Smashing UX Design: Foundations for Designing Online User Experiences

Smashing UX Design: Foundations for Designing Online User Experiences

Language: English

Pages: 446

ISBN: 0470666854

Format: PDF / Kindle (mobi) / ePub

The ultimate guide to UX from the world’s most popular resource for web designers and developers

Smashing Magazine is the world′s most popular resource for web designers and developers and with this book the authors provide the ideal resource for mastering User Experience Design (UX). 

The authors provide an overview of UX and User Centred Design and examine in detail sixteen of the most common UX design and research tools and techniques for your web projects. 

The authors share their top tips from their collective 30 years of working in UX including:

  • Guides to when and how to use the most appropriate UX research and design techniques such as usability testing, prototyping, wire framing, sketching, information architecture & running workshops
  • How to plan UX projects to suit different budgets, time constraints and business objectives
  • Case studies from real UX projects that explain how particular techniques were used to achieve the client's goals
  • Checklists to help you choose the right UX tools and techniques for the job in hand
  • Typical user and business requirements to consider when designing business critical pages such as homepages, forms, product pages and mobile interfaces as well as explanations of key things to consider when designing for mobile, internationalization and behavioural change.

Smashing UX Design is the complete UX reference manual. Treat it as the UX expert on your bookshelf that you can read from cover-to-cover, or to dip into as the need arises, regardless of whether you have 'UX' in your job title or not.

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such as photos, video, reviews, or customer comments, this will be a very important requirement to fulfill. Demonstrate the benefits The benefits of the product and also the benefits of buying from this particular site are important to convey to the online customers. The key selling points and benefits of the product should be clear. The page must act as the salesperson. Make the customers feel they are getting a good price Online shoppers are often on the lookout for a deal and they will be

long, multi-part forms, show users how they are progressing. Label the steps and show where they are in the process. Keeping the number of steps down to a minimum is preferable, but dishonesty here will erode trust. Figure 28-2 illustrates some more forms using UX best practices. 1. Date fields: In most cases of date entry, use selection boxes instead of free text fields. This helps to avoid errors. Indicate required inputs with Day, Month, and Year as the default options. Using the names of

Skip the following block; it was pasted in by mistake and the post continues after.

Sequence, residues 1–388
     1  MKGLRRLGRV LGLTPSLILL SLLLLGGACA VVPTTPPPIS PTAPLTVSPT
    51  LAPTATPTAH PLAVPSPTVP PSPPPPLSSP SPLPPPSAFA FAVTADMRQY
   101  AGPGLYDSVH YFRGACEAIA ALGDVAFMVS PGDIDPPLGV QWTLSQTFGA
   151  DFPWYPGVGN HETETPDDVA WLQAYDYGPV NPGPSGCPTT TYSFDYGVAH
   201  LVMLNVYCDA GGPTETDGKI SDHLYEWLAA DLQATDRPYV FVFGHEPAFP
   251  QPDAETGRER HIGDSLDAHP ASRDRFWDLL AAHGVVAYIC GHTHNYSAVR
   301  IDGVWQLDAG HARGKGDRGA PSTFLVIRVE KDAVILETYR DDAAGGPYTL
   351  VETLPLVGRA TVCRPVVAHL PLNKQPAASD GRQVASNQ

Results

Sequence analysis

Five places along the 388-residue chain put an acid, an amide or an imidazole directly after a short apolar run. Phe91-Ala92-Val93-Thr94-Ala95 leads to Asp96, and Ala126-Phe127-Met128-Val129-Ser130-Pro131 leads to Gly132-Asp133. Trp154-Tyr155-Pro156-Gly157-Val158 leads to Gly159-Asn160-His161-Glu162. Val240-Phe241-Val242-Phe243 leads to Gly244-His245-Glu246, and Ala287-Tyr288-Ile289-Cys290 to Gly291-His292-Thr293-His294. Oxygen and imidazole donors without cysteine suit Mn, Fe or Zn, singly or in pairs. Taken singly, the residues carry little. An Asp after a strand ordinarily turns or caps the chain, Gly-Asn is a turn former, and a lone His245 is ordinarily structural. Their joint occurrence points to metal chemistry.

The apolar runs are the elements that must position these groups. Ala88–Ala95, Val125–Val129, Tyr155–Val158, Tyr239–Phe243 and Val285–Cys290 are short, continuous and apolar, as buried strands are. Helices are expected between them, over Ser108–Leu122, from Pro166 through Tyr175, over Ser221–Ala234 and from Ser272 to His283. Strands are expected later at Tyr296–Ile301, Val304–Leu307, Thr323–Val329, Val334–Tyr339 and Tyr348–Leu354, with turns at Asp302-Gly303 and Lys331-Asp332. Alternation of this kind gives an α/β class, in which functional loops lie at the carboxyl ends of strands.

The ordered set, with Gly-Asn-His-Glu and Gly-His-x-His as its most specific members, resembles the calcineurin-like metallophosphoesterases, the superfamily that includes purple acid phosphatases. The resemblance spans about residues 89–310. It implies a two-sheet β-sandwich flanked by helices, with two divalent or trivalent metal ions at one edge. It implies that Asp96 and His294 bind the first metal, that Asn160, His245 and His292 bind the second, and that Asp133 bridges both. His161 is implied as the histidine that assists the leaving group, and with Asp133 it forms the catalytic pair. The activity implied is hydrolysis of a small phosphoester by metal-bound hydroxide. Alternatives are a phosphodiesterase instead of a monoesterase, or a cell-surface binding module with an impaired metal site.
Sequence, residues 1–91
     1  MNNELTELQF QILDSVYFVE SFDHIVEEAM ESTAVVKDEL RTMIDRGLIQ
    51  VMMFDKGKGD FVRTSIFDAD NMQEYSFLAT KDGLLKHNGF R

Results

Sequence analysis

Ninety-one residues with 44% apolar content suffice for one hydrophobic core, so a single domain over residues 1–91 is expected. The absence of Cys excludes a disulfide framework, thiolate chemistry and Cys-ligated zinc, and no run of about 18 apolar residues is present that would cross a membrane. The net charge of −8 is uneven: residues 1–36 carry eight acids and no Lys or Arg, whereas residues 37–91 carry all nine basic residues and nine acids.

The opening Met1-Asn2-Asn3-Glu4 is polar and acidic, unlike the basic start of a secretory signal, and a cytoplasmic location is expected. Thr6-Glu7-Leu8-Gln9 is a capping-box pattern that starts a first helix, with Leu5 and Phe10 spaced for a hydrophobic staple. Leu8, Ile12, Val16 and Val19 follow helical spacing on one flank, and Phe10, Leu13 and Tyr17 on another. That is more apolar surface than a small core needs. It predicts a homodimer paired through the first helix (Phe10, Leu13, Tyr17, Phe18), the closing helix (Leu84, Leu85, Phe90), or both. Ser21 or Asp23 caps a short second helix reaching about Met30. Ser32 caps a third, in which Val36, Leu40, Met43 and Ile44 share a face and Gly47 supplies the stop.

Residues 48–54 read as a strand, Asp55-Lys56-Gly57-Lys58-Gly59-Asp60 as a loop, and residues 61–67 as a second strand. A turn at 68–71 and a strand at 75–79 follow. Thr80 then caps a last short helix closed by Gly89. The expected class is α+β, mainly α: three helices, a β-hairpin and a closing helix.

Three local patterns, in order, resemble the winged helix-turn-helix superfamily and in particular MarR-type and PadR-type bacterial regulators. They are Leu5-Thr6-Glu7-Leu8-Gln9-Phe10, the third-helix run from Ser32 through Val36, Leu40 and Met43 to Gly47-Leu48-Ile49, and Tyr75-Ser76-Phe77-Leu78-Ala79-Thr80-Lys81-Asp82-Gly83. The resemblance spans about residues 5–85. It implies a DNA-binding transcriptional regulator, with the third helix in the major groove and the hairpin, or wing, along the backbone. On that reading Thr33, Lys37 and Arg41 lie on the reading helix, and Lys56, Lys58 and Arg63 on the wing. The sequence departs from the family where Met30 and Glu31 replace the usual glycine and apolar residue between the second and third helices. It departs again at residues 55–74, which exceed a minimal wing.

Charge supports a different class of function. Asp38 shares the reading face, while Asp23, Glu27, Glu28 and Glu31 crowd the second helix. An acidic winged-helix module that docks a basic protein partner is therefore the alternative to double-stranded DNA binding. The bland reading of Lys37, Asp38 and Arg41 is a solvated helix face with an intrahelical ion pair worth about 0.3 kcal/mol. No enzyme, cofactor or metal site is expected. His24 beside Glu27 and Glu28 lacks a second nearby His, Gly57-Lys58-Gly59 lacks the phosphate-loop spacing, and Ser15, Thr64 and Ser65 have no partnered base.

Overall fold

This identifies how user research can be far more than just involving users. Often you will see opportunities for features, content, and functionality that will meet some quite unexpected user needs. Once met, these can often result in significant increases in product performance as well as huge financial returns for the service provider. Following the research phase we developed some early prototypes of the different elements of the quoting process. This involved breaking the required set of

style, brand, and material. • Shortlist functionality has been added. • It is easy to share individual products and the shortlist. • The need to register before completing the purchase process has been removed. Figure 12-6: A user journey superimposed on a sitemap diagram Resources Communicating the User Experience by Richard Caddick and Steve Cable Mental Models by Indi Young Usability for the Web: Designing Web Sites that Work by Tom Brinck, Darren Gergle, and Scott D. Wood 100 Things

testing provides genuine evidence on which to base your design. It can be particularly helpful if there are conflicting requirements from different members of the client team. We generally run one-to-one testing sessions on wireframes using a think-aloud protocol. This means asking users to imagine they are using a real product and to tell us what they are thinking as they progress. This is a great way of eliciting answers to the same types of questions as outlined previously. Can they find what

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